Now representing himself as a duke, he rescues and woos (and has sex with) Guinevere before her marriage to Arthur (with her father's consent). Letting Guinevere go to her proper destiny, he is taken to Avalon to be the play thing of the Lady of the Lake. Even in a land of non-stop sexual pleasures he gets bored. He becomes the Sun symbol to the Lady's Moon symbol, and eventually must leave her land, following the seasons. (The tale places itself very specifically in time, with various days, seasons, and festival days mentioned. I believe the whole journey takes up one full year, reinforcing its cyclical nature.) Jurgen chooses to head to another mythological land where Queen Helen, the most beautiful woman in the world, rules. He sees her, and to him she looks just like his youthful and idealized love. But she is married to Achilles. Jurgen, now representing himself as a King, instead settles down with a tree nymph. He doesn't love her the way she loves him, but he feels quite a bit of affection for her. Eventually he sneaks into Queen Helen's bedroom, and could have his way with her but after lengthy debate with himself instead walks away.

Unfortunately, then the kingdom is overrun by Philistines. (Cabell has nothing but scorn for censors, especially after they worked very hard to get Jurgen banned. The New York Society for the Suppression of Vice filed an obscenity lawsuit over it; apparently Cabell eventually won and added even more derision to a new edition of the book.) Representing himself as a great philosopher, Jurgen is taken to the queen of the Philistines, and over the course of a night quite wins her over with his *ahem* mathematical discourses. But it does not avail to save his nymph, the kingdom, or Jurgen's life, and he is dispatched to Hell.

This is where the narrative becomes even more fascinating. Hell is basically ruled by the damned according to their own preferences and demands for painful atonement. Jurgen's father runs the demons ragged, insisting that he is not yet suffering enough for his sins. Jurgen (promoting himself to Emperor, but still transparent to his father) can't trick the old man into imagining him out of Hell, but he does get him to imagine a really luscious vampire/succubus for Jurgen to shack up with on the shores of a lake of blood. Here's a representative sample of the style of Jurgen's conquests (I've left out mention of several of his more casual encounters):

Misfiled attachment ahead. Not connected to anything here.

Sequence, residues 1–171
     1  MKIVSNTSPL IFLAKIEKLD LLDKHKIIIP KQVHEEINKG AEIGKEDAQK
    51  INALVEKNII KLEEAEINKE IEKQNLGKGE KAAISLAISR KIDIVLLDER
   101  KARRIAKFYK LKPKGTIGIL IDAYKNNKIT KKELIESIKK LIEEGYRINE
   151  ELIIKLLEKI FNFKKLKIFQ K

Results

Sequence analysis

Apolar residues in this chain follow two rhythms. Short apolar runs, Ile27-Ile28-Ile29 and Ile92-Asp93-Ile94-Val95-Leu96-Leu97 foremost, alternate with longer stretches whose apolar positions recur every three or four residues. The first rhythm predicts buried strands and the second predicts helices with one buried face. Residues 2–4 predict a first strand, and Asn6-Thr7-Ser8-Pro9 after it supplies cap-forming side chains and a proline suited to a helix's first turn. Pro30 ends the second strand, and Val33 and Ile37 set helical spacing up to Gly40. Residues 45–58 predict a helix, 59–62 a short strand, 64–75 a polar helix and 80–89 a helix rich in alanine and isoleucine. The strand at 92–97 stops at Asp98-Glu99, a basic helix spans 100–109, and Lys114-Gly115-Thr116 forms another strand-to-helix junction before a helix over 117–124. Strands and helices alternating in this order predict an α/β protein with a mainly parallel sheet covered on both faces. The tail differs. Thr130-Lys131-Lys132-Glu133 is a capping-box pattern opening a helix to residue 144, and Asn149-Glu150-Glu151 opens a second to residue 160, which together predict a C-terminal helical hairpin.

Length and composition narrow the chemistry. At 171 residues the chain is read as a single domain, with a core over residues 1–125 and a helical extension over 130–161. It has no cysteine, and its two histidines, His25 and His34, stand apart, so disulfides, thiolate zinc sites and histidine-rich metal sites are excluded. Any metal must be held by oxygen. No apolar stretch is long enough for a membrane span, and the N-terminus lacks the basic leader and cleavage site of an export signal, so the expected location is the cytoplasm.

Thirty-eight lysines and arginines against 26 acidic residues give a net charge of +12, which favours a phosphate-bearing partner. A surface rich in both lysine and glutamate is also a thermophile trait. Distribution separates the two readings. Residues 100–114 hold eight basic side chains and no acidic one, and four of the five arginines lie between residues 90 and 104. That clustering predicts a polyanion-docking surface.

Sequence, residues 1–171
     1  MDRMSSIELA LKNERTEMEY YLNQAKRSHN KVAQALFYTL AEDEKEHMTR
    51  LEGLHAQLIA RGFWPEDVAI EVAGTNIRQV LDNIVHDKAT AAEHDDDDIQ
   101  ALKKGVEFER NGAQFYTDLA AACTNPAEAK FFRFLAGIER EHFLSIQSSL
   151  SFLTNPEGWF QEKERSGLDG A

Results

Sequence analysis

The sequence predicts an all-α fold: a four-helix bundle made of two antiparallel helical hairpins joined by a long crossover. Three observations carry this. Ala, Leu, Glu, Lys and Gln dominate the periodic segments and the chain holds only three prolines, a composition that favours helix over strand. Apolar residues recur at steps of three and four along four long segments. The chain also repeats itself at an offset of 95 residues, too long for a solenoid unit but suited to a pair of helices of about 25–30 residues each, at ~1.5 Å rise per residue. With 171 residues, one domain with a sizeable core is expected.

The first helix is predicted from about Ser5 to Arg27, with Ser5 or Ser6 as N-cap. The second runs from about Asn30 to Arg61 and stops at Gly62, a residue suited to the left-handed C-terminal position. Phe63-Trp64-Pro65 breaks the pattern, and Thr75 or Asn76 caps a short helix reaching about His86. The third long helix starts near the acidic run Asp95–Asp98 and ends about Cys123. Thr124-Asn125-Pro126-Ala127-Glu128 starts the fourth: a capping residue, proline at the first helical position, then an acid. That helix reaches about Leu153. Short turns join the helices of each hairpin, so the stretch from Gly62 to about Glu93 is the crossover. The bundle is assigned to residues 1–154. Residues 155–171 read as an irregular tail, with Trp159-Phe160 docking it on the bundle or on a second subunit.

So Florimel [the vampire] conducted Jurgen, through the changeless twilight of Barathum, like that of a gray winter afternoon, to a quiet cleft by the Sea of Blood, which she had fitted out very cosily in imitation of her girlhood home; and she lighted a candle, and made him welcome to her cleft....

So Florimel extinguished the candle, with a good-will that delighted Jurgen. And now they were in utter darkness, and in the dark nobody can see what is happening. But that Florimel now trusted Jurgen and his Noumarian claims was evinced by her very first remark.

"I was in the beginning suspicious of your majesty," said Florimel, "because I had always heard that every emperor carried a magnificent sceptre, and you then displayed nothing of the sort. But now, somehow, I do not doubt you any longer."
Jurgen talks with Satan quite a bit, and learns that while Hell is technically a representative democracy, the demons have voted 'temporary' dictatorial powers to Satan 'for the duration of the War with Heaven.' This is probably where the 1919 publication date is most obvious, but it certainly hasn't ceased to be a problem since.

Eventually Jurgen's lover has to head back to the world, and Jurgen decides to take himself to Heaven. There as well everything is run according to the notions of the inmates, in this case Jurgen's grandmother. He first meets himself as a child--in fact, as his grandmother's idealized version of his childhood self. He bluffs himself into Heaven by pretending to be a Pope, for whom there are loopholes in the rules. Then he spends some time talking to his younger self, and in brief but poignant moment: